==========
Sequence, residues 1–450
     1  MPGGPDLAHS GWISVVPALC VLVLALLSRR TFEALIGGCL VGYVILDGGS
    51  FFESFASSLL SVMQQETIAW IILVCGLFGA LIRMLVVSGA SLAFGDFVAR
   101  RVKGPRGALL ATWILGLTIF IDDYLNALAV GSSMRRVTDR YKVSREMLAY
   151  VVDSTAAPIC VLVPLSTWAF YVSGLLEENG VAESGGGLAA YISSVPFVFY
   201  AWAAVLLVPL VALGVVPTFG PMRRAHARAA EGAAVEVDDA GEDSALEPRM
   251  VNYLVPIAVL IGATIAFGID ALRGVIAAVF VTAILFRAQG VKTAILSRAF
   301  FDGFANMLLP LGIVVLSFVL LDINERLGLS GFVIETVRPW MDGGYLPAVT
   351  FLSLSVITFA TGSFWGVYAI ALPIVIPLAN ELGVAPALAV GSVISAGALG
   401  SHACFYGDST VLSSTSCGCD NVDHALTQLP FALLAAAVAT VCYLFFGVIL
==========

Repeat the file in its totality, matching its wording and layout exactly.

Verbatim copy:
Sequence, residues 1–450
     1  MPGGPDLAHS GWISVVPALC VLVLALLSRR TFEALIGGCL VGYVILDGGS
    51  FFESFASSLL SVMQQETIAW IILVCGLFGA LIRMLVVSGA SLAFGDFVAR
   101  RVKGPRGALL ATWILGLTIF IDDYLNALAV GSSMRRVTDR YKVSREMLAY
   151  VVDSTAAPIC VLVPLSTWAF YVSGLLEENG VAESGGGLAA YISSVPFVFY
   201  AWAAVLLVPL VALGVVPTFG PMRRAHARAA EGAAVEVDDA GEDSALEPRM
   251  VNYLVPIAVL IGATIAFGID ALRGVIAAVF VTAILFRAQG VKTAILSRAF
   301  FDGFANMLLP LGIVVLSFVL LDINERLGLS GFVIETVRPW MDGGYLPAVT
   351  FLSLSVITFA TGSFWGVYAI ALPIVIPLAN ELGVAPALAV GSVISAGALG
   401  SHACFYGDST VLSSTSCGCD NVDHALTQLP FALLAAAVAT VCYLFFGVIL